The Patient Protection and Affordable Care Act has made even the most technical questions of healthcare coverage regulation newsworthy. Policy questions that would be noticed only by experts and interested parties in the regulation of Medicare or Medicaid, even with billions of dollars in taxpayer or beneficiary money at stake (think DSH and the transition to MS-DRGs), are front-page news when they have a connection to the PPACA. The best example may be the recent attention to the PPACA’s risk corridors, which was the subject of an op-ed by Senator Rubio last week that led to a lot of discussion in the press. (For background on the risk corridors, as well as their cousins, the risk adjustment program and transitional reinsurance, see the helpful efforts of Seth Chandler, Mark Hall (also here), and Timothy Jost.)
In that spirit, I noticed in my research a tiny regulatory policy choice made by the HHS about the risk corridors that may wind up making news one of these days, in a lawsuit or otherwise. It has to do with the way the risk corridor payments are calculated, and could have an impact on the extent of taxpayer liability for risk corridor payments.
The question is whether to calculate eligibility for risk corridor payments on a more or less granular level, that is, plan-by-plan or state-by-state (for each issuer). If plan costs tend to equal expected costs system-wide, as seems to have been assumed by the HHS and industry in setting the policy, then I do not expect the issue to make much of a difference. But Chandler has suggested that plan costs could tend to exceed expected costs system wide because, for example, the pool of beneficiaries in the exchanges may be less healthy than was anticipated. Senator Rubio thought the same thing would happen because of the President’s “like it/keep it” fix.
If they are right, then the level of granularity on which the HHS calculates risk corridor payments will influence the taxpayers’ liability, because an issuer is eligible for payment only if its actual costs exceed its expected costs by a certain threshold, specifically, by more than 3%, and that amount jumps when the difference becomes really large (8%). As a result, if you assume a normal distribution of actual costs across plans that tends, on average, to exceed expected costs by less than 8%, then the more granular the calculation method the more plans will be eligible for payment from the government (because aggregation will wash out outliers). (If expected costs exceed actual costs by more than 8% then a more granular method would reduce, rather than increase, government payments, depending on the distribution.)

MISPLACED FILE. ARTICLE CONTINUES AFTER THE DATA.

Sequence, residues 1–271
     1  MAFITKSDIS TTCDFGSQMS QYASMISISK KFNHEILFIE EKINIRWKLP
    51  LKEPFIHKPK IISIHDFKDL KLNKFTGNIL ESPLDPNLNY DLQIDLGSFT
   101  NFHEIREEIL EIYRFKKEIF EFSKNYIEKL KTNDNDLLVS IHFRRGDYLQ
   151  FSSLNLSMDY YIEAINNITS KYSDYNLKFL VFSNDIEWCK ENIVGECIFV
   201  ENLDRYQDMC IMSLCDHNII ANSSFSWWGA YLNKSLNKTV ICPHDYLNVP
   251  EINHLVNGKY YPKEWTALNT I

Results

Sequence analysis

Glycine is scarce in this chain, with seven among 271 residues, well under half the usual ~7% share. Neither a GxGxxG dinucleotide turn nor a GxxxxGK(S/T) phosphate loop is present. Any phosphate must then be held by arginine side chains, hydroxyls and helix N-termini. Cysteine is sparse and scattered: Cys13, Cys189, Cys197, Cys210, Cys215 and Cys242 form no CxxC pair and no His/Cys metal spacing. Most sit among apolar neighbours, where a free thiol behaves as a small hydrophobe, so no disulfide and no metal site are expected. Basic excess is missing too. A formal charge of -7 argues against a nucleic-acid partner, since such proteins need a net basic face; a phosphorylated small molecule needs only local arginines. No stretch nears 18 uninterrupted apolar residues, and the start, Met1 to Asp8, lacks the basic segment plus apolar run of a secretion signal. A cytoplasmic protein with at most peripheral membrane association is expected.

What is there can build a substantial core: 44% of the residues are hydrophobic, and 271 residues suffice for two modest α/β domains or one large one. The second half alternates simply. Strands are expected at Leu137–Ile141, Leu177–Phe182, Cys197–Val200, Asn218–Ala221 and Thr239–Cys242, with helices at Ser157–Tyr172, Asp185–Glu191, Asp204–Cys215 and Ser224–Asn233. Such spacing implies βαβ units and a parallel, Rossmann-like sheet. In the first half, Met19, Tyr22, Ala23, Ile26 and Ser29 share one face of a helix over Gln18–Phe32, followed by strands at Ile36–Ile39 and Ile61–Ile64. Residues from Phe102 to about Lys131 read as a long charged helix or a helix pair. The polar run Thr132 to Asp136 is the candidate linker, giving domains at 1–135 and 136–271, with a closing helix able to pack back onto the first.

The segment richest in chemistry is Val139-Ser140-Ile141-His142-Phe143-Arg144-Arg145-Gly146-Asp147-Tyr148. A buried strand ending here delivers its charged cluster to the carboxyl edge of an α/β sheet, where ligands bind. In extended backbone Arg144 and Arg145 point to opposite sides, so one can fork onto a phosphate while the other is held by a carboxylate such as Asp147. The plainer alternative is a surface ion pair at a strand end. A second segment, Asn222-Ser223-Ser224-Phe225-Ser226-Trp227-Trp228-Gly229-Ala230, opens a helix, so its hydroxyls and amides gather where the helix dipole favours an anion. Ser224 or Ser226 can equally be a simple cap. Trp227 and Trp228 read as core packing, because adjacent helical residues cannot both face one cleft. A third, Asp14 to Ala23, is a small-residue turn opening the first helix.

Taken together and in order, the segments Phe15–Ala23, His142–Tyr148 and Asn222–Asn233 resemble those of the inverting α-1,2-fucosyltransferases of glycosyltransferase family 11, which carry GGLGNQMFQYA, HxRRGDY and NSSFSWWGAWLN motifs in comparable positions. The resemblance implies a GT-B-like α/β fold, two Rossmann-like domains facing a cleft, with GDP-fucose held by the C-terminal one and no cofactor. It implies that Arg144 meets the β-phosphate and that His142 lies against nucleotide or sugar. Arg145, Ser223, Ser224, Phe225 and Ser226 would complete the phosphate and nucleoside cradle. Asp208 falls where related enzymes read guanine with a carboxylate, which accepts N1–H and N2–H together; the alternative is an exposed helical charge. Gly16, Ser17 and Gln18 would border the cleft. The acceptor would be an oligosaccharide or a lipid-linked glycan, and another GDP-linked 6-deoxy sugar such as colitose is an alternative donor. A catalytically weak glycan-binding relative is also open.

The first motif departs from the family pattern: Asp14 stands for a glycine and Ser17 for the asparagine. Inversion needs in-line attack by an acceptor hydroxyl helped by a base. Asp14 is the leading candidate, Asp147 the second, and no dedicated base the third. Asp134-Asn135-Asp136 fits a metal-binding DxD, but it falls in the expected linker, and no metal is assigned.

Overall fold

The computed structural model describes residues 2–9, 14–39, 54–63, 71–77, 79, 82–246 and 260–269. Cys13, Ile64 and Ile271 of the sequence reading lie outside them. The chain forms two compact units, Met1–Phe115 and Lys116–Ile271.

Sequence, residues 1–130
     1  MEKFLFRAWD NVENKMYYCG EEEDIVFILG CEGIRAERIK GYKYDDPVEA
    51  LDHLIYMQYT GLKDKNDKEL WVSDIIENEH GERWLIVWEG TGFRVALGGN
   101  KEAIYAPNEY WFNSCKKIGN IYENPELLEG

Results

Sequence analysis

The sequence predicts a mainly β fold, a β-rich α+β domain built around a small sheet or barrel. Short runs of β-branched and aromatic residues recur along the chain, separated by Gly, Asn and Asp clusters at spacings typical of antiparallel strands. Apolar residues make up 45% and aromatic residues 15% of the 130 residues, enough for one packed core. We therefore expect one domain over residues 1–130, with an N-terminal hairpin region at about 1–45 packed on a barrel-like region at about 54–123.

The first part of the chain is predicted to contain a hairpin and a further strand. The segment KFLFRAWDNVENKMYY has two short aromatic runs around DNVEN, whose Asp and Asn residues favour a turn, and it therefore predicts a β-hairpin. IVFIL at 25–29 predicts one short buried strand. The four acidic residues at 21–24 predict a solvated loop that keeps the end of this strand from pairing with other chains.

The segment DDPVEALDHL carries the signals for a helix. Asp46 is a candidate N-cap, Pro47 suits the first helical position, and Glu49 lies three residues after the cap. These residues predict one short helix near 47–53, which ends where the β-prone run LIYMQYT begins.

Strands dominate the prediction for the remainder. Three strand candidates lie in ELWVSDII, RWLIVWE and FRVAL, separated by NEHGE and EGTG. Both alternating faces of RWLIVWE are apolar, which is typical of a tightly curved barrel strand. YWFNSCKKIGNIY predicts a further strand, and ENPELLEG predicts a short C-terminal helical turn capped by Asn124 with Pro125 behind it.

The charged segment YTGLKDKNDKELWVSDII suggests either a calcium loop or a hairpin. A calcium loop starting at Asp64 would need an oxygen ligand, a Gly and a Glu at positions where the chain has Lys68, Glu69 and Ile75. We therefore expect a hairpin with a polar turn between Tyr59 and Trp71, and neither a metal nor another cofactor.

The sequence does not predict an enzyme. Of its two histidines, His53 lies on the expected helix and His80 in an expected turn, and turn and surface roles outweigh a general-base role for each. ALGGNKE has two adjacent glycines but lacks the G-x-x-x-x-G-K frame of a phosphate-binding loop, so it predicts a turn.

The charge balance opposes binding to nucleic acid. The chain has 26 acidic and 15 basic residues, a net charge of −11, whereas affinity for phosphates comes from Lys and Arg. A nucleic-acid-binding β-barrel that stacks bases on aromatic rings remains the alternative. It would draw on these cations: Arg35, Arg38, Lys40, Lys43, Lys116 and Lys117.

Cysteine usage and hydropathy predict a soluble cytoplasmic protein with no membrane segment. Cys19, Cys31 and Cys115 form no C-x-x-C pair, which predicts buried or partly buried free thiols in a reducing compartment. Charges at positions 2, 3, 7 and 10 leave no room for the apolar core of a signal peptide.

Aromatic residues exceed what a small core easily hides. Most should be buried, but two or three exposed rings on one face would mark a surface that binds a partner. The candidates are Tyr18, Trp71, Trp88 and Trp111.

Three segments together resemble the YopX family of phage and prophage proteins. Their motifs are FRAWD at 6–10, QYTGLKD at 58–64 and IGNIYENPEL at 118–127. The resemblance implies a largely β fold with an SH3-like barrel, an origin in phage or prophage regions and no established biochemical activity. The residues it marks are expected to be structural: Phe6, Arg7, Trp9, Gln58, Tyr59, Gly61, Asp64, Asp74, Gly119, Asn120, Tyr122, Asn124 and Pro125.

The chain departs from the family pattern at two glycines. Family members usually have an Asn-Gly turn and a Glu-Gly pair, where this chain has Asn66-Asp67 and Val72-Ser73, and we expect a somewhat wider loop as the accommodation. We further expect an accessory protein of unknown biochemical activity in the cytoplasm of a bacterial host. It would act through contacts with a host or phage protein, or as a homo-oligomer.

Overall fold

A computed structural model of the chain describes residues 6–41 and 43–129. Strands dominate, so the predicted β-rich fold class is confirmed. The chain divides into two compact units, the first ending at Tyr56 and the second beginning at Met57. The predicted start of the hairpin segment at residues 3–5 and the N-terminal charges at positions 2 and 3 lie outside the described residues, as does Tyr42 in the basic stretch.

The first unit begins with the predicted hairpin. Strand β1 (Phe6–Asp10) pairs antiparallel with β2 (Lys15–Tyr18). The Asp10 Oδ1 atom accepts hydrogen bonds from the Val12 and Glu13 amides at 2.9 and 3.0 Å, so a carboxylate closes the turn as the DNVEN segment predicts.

The HHS initially said that it would calculate risk corridor payments plan-by-plan, so that one issuer with multiple plans in a state might receive payments for some of its plans, make payments for others, and neither make nor receive payments for still other plans. That is the most granular method. Commenters—mostly insurance companies—complained that this was administratively not feasible because of the way they collect data about their plans, asking for a more granular method, such as state-by-state. The HHS said its hands were tied: it had to use the plan-by-plan method, rather than a less granular method, because the statute required it, specifically, because the “statutory language governing risk corridors does not afford the necessary flexibility.” 77 Fed. Reg. at 17,238. That rationale was the only one the HHS offered for rejecting commenters’ proposals to use a method less granular than plan-by-plan.
The insurers persisted and, in a relatively uncommon (though not unheard of) move, the HHS did an about face. It issued an emergency regulation—without time for additional notice and comment—changing the calculation method to state-by-state within each market. 78 Fed. Reg. 15,544. The HHS said it had changed its mind about the “flexibility” of the statutory language.
So will the HHS’s new policy, the one that it said was illegal before it adopted, be subject to legal challenge? Time will tell; we won’t know if the choice actually hurts or helps insurers (and benefits or costs the taxpayers) until we find out whether and by how much insurers’ actual costs for operating plans from the exchanges exceeds their expected costs. Come what may, I expect this question to serve as another example of how, in the world of healthcare payment decision-making, even the smallest choices can have big consequences.